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Oh! Chocolate

Posted by joeabbott on March 1, 2009

For someone as grounded and who takes care of the “basics” as well as my wife does, I’m always tickled when her dynamic side comes out. Sometimes I’m not ready for it and other times I jump on and go along for the ride. In contrast, I’m a planner … love planning for planning sake. Just to have a plan. Execution is great, but perhaps we should go over the plan again.

scan0005With that, before heading to work Friday morning, I found myself circling a small ad in our daily paper that announced chocolate classes at a place in Seattle called Oh! Chocolate. I see they have similar information at their blog, although I didn’t even know they had a blog at the time. It just looked fun and like a little something we could do sometime. So imagine my surprise when she called me later that day to say we had reservations the next evening! So I jumped on and went along for the ride!

We got a bit later start on the evening than we wanted and hadn’t had time for dinner. To avoid showing up at a chocolate tasting event on an empty stomach, we found a little teriyaki place next door and enjoyed a quick meal. The food was fresh and the sauce wasn’t a cloying mess like it can be at some places. Very nice. We had to hurry up and when we finally arrived at Oh! Chocolate’s Madison Park store, we had to share a small corner table with another couple. They were polite but no real connection occurred and they were just another two people at the event.

Margo Masaoka greeted us with small cups of the most delicious hot chocolate imagineable. She said they’d added no sugar but it was splendidly delicious. Just a touch of whip cream and a wonderful, deep chocolate flavor. Fortunately it was a small cup as it was rich as can be. After everyone was seated at their tables, Chris and Nick, Margo’s sons, took over and gave us a tour of chocolate.

They started by giving us each a plate covered with more chocoate than an adult might eat in a week … and that’s even accounting for those with a powerful sweet tooth. They arranged the chocolate on the plate specifically so we could follow along and awaythe “tour” went!

At “noon” on the plate were the “nibs”. Nibs are the center of the cocoa bean the base for all chocolate. They’re  crunchy, a bit crumbly, and taste very deeply complex. The nibs are removed from the bean and roasted then crushed to remove the cocoa liquor from the solids, which are then used in differing amounts to produce the chocolates we eat. Next on the plate were dark chocolate solid wafers. These were “pure” chocolate solids and were dense, crumbly and bitter. That said, they were not intended as eating chocolate and more for use as the base to other confections.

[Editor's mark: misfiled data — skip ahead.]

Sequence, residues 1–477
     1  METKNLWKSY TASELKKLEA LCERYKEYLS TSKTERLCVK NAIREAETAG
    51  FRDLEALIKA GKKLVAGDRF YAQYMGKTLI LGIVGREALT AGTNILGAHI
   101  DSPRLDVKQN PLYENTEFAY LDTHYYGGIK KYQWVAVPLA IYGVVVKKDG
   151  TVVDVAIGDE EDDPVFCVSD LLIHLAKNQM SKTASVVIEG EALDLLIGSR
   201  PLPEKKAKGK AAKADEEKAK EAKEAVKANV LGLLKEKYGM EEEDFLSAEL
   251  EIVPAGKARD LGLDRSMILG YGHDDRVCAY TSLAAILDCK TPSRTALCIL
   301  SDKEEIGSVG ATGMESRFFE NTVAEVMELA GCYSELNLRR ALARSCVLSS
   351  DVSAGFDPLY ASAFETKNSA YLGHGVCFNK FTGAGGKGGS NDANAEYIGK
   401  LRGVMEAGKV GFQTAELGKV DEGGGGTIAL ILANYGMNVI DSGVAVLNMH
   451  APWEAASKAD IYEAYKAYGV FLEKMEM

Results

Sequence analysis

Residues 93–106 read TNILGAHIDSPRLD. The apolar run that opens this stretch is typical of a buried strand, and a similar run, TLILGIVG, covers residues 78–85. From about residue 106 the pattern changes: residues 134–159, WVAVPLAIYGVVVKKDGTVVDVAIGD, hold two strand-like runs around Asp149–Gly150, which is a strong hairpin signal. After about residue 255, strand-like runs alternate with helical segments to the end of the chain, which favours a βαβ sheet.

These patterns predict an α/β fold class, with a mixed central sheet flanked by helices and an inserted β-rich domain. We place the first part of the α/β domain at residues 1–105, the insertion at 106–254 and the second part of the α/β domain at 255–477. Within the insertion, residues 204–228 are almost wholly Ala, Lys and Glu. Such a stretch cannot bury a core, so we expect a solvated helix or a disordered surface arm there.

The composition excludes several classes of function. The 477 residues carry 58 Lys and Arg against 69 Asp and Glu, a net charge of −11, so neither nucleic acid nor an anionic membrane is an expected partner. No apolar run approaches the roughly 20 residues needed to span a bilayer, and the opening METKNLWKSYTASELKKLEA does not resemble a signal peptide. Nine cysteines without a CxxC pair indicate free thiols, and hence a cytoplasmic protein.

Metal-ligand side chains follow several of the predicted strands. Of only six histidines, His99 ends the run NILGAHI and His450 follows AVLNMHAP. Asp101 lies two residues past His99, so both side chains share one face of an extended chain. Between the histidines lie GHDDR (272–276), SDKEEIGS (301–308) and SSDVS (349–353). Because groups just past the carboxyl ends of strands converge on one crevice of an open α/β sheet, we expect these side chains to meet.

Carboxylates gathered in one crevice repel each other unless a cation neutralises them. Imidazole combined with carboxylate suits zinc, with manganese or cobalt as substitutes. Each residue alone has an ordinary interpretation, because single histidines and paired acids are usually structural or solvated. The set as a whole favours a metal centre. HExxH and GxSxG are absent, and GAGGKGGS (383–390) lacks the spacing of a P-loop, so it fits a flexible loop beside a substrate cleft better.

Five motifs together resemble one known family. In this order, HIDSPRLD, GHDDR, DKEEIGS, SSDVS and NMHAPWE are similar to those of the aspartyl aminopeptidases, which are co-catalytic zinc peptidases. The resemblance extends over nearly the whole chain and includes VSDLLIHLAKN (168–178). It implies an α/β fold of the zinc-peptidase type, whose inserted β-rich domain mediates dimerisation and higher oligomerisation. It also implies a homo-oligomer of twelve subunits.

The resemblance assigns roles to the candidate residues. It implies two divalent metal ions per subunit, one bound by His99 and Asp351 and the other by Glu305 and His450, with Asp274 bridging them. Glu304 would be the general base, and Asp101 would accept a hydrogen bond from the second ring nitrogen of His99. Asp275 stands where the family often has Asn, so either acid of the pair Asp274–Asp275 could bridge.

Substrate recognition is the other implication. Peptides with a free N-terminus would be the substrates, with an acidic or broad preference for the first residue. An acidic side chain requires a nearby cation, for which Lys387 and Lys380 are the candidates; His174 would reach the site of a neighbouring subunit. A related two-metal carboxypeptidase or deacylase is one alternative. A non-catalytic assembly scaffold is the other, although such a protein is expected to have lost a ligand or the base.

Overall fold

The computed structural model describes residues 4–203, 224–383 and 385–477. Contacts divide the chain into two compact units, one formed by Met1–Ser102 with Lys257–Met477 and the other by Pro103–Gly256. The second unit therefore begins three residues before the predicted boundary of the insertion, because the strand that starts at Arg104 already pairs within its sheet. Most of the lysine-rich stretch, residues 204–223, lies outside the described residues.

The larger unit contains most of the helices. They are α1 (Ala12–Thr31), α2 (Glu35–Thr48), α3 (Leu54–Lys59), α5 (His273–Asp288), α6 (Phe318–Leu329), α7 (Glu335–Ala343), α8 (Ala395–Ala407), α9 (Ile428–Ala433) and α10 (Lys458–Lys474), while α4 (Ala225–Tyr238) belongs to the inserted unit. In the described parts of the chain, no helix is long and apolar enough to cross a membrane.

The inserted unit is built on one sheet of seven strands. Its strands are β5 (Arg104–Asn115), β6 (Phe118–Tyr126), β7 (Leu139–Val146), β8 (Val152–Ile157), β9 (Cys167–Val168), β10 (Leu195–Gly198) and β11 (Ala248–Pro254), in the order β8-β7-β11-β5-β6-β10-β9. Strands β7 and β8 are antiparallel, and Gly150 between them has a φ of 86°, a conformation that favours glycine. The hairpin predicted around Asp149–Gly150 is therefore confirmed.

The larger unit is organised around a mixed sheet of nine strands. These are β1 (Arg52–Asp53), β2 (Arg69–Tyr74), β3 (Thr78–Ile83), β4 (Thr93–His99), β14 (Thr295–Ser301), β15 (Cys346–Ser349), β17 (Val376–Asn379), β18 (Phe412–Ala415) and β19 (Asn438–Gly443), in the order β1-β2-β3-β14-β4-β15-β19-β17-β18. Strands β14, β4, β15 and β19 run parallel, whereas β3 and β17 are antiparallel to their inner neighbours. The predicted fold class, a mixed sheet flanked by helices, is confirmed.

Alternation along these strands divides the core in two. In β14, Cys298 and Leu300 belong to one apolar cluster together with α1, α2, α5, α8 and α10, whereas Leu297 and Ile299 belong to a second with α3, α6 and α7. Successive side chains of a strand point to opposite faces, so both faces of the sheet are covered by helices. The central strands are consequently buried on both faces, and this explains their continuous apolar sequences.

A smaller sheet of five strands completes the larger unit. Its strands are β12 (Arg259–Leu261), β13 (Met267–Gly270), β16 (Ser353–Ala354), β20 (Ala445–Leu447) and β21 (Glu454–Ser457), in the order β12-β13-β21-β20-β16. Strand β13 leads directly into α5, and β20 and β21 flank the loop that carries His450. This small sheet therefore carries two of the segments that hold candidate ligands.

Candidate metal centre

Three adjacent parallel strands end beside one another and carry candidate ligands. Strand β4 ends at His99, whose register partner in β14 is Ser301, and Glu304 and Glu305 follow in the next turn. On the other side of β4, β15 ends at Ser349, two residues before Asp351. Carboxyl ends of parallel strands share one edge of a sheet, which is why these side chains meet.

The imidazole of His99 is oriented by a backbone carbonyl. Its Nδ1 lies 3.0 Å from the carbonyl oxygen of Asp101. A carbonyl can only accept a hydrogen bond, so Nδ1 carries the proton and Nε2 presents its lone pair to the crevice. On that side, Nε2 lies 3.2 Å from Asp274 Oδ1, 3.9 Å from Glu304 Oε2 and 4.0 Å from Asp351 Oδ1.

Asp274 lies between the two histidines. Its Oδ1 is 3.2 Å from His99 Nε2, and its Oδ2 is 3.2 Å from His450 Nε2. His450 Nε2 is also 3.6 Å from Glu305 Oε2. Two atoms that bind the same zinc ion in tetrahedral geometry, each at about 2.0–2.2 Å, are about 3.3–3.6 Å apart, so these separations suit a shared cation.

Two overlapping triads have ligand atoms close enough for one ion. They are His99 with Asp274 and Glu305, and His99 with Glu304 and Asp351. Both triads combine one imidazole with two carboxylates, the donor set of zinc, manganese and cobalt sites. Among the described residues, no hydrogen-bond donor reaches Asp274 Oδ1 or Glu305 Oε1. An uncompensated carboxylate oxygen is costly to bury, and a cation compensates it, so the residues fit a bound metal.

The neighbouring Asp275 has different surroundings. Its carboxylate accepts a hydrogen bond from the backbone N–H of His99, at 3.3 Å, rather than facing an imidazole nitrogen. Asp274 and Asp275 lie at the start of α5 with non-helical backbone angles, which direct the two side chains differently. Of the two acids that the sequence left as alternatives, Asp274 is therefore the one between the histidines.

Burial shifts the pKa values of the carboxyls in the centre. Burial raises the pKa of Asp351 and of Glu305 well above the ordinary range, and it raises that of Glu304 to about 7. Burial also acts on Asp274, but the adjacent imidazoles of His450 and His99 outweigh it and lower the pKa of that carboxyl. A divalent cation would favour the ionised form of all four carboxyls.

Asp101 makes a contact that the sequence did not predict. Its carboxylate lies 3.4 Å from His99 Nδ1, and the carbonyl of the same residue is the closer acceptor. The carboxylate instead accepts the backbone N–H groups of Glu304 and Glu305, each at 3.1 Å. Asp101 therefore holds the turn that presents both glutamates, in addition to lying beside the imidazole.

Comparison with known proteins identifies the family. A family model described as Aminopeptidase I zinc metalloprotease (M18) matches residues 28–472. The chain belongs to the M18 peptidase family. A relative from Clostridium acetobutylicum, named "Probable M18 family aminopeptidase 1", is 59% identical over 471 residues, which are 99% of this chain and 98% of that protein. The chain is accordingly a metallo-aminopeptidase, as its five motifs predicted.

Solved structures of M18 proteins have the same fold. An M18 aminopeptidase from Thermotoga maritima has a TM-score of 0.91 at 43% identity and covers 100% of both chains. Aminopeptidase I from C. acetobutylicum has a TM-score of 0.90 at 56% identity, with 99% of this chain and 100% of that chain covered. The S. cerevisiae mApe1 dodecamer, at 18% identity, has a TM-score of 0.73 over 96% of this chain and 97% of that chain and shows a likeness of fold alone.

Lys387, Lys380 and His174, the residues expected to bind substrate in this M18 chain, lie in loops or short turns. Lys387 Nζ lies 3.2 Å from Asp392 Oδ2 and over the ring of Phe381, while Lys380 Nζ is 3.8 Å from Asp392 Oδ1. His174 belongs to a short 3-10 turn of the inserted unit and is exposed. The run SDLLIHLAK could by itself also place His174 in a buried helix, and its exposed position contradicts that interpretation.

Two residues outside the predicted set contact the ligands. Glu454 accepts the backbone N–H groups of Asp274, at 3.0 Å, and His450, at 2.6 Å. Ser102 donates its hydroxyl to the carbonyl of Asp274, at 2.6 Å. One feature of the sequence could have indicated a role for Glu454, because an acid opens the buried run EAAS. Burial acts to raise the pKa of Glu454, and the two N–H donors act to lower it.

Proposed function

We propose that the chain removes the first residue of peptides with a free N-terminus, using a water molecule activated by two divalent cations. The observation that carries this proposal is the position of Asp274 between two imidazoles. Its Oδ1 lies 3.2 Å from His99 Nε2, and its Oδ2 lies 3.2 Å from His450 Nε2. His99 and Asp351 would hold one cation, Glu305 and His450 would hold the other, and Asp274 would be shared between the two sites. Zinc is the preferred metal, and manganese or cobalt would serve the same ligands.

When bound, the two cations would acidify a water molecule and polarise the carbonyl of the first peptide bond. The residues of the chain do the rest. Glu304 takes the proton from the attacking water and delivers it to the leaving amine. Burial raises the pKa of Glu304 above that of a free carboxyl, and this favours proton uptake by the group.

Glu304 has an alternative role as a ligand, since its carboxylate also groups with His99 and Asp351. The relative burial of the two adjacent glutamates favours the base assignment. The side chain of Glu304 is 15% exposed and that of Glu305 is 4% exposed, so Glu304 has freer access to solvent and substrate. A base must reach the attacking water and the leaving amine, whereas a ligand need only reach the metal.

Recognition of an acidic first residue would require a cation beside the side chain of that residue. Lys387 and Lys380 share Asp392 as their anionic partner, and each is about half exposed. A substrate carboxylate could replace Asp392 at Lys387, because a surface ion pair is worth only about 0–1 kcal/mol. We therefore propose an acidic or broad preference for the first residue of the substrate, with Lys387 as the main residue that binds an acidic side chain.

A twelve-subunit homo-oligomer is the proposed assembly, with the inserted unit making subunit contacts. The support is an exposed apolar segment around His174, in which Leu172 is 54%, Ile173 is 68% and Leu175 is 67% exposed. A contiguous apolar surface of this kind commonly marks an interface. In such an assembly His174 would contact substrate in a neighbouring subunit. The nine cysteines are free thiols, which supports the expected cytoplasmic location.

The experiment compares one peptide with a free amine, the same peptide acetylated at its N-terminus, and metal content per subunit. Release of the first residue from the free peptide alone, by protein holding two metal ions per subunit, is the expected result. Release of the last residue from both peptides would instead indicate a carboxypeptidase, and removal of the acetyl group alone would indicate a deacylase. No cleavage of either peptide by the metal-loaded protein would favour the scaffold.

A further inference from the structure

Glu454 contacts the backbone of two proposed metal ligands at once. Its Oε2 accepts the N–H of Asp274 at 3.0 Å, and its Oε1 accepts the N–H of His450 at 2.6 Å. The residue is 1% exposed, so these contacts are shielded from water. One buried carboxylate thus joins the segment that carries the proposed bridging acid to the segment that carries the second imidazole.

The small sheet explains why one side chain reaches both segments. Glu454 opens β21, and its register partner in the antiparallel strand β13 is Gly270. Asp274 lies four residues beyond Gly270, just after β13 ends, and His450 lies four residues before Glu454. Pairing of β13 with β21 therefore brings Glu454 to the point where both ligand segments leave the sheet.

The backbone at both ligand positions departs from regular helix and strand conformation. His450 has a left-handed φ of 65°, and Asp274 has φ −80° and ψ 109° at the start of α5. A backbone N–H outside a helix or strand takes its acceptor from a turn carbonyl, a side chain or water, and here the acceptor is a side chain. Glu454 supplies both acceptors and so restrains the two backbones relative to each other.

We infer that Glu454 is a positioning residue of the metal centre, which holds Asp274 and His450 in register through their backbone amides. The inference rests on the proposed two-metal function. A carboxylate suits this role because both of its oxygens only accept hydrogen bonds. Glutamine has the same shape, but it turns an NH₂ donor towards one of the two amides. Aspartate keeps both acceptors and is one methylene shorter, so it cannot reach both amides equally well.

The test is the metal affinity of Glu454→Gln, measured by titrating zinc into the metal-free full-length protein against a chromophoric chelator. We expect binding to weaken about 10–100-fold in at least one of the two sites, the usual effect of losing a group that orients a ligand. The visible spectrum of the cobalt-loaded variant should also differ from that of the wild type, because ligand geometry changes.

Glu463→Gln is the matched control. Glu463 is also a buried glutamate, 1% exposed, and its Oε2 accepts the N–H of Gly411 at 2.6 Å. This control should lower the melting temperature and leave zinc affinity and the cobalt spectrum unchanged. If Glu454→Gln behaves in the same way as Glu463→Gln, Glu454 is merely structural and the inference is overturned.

The next stop on the tour was a dark chocolate block, or shards from a larger block. These you could bite into and enjoy a big, bold mouthful of chocolate; delicious and full bodied. Hints or overtones of fruits and nuts were detected by some … I just found it grubalicious. Next to that were smaller “nibs” of chocolate … they looked like over-sized, half-pipes of chocolate. While these tasted differently from the big block chocolate, they were actually made from the same base. The treatment of the chocolate in producing the different sizes led to a different “flavor profile”. I didn’t notice it at that point but probably because I was beginning to fight off a diabetic coma!

Next on our tour of chocolate was a chunk of milk chocolate. While I like milk chocolate, after all the dark chocolate, it seemed cloyingly sweet. While it nearly swooned in the mouth, it was more sweet than I could enjoy just then and so I merely nibbled.

After this was the “white chocolate” … it’s mostly just sugar and cocoa butter\liquor. A dandy treat but, again, after the dark chocolate was just a bit too sweet.

Throughout the night Nick and Chris shared stories, answered questions, and played the role of jovial hosts walking us through a wonderful but sane Wonka world. In addition to the chocolates on the plate we sampled single source\origin (varietal) chocolate, truffles, and after the evening’s main event, all the Oh! Chocolate signature blend we could manage!

And what was the evening’s main event? Why, chocolate tempering and dipping!

Chocolate that’s not tempered will cool in such a way as to allow chocolate butter\fats\liquor to cool on the surface and give a mottled or white splotched look. It doesn’t affect the flavor but looks a bit unkempt. To avoid that one tempers chocolate … or manipulates it in such a way as to cool the chocolate consistently throughout and so the chocolate butter won’t separate and rise to the surface. You do this on a marble slab (it’s a great heat sink) and with your hand. See the picture below:


Over the next hour or so we manipulated pools of chocolate with our hands, dipped cookies and fruit, and generally had a wonderful time. Even after washing up my hand smelled of chocoalte and it was fun to sniff as I drifted off to sleep later that night.

But, that was it. We tempered the chocolate, dipped our stuff, let it cool, boxed it up, and with a handshake (after thoroughly washing) we were off into the night. It was a grand adventure and a lot of fun. I recommend both the class and Oh! Chocolate to everyone!

Interested in learning more about Oh! Chocolate? You can read it here in the Seattle Dining website archives.


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